German mass media provided extensive coverage on Friday of the previous evening's passing in Greek parliament of a latest round of austerity and reform measures, essentially the linchpin in unblocking funding from the current (third) bailout program.
Nevertheless, most of the reports from Athens pointed to the latest gambit by an increasingly embattled and cornered Alexis Tsipras and his slim Parliament majority, 153 deputies out of 300. The latter are comprised mostly from the former's leftist SYRIZA party but also from the junior coalition partner, the rightist-populist Independent Greeks' (AN.EL) party.
"If things go the way the Greek prime minister wants, we may see an unusual spectacle in Athens: Alexis Tsipras with a tie," according to Frankfurter Allgemeine Zeitung (FAZ) and an article bylined by M. Martens. The tongue-in-cheek observation, of course, comes from Tsipras' previous quip of wearing a tie only when a common solution over the massive Greek debt is found.
FAZ echoed the position that the latest austerity measures will reach roughly five billion euros, with the highest echelon of social security beneficiaries in the country seeing their monthly payments sliced by an average of 18 percent.
"The Greek government wants to approve ... a package of measures before Monday's Eurogroup in Brussels, in order to receive, in exchange, a positive message over debt relief by June. Such a favorable development in negotiations is Tsipras' ace in the hole; such a success is considered necessary, given that for several months now SYRIZA, in all opinion polls, is behind New Democracy and the opposition leader, Kyriakos Mitsotakis, by at least 10 percentage points".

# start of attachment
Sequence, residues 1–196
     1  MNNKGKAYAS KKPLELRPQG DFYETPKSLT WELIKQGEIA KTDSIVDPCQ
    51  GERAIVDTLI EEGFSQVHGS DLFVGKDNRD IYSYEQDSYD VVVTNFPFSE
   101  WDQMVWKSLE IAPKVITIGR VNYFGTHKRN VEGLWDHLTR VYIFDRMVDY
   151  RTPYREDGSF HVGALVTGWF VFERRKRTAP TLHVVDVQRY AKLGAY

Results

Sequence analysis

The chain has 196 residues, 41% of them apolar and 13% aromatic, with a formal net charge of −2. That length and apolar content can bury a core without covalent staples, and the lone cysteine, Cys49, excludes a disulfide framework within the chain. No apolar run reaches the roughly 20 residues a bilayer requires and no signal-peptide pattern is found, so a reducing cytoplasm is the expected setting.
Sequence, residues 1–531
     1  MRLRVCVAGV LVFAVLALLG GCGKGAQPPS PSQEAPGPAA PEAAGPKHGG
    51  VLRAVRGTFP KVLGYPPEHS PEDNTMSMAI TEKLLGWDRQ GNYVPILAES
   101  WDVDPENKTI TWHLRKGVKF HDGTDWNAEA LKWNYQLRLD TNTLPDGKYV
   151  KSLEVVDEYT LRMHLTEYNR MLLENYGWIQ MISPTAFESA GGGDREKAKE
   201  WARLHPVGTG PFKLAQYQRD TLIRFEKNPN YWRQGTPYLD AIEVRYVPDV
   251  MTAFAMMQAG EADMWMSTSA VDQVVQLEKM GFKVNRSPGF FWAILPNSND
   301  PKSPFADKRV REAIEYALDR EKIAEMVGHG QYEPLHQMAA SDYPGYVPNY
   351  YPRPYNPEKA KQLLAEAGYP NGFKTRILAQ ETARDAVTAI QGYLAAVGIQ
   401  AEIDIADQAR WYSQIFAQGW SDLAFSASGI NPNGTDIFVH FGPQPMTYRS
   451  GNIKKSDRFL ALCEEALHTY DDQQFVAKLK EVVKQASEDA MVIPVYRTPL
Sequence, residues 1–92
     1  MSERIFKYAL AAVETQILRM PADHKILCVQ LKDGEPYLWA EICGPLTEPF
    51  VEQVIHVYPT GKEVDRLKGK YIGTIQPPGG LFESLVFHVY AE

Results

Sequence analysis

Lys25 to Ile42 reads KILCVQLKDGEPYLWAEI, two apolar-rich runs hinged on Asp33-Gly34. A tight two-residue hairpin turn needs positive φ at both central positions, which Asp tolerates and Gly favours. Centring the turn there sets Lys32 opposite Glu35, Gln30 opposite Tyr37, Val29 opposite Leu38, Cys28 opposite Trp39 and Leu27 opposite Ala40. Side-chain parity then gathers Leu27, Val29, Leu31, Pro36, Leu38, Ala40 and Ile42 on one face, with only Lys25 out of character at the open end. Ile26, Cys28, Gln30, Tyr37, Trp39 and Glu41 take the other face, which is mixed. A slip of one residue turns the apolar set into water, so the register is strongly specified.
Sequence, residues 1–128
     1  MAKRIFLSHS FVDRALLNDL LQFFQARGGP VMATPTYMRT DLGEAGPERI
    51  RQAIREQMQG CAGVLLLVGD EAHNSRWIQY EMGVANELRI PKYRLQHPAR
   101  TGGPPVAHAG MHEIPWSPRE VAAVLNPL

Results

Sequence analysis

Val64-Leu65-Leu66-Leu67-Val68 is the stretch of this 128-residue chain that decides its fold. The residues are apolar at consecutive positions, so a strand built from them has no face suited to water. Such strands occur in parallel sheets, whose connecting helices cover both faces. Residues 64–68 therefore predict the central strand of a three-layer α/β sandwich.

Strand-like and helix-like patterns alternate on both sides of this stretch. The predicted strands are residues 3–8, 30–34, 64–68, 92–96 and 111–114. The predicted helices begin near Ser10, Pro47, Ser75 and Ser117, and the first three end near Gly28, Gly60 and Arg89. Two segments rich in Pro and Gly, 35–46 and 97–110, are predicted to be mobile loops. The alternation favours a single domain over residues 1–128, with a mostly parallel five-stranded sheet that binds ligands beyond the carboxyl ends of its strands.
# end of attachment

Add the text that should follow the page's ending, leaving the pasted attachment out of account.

Ηandelsblatt notes that after a preliminary agreement between Athens and its creditors earlier in the month, the Greek debt's sustainability - a standing and major point of interest for the IMF -- will now come center stage at the Eurogroup setting.
The German daily reports that Tsipras and the rest of the leftist-rightist government offers a resounding "no" when asked about the country's debt sustainability, with European creditors expected to come under pressure to write-off a portion of the debt or extend maturities.
In its conclusion, FAZ said the biggest advantage in Tsipras' favor is that he isn't facing "an opposition leader by the name of Tsipras ... the difference from when Tsipras was in the opposition is the fact that Kyriakos Mitsotakis isn't promising much, but is focusing on managing the crises."
Spiegel Online chose to focus on the protests against the latest measures, which were dramatically smaller and less vocal than when previously anti-bailout, anti-austerity SYRIZA was in the opposition.
"The government of Greece is referring to one last sacrifice: a new austerity package must be ratified in the middle of the night, in exchange for a debt write-off..."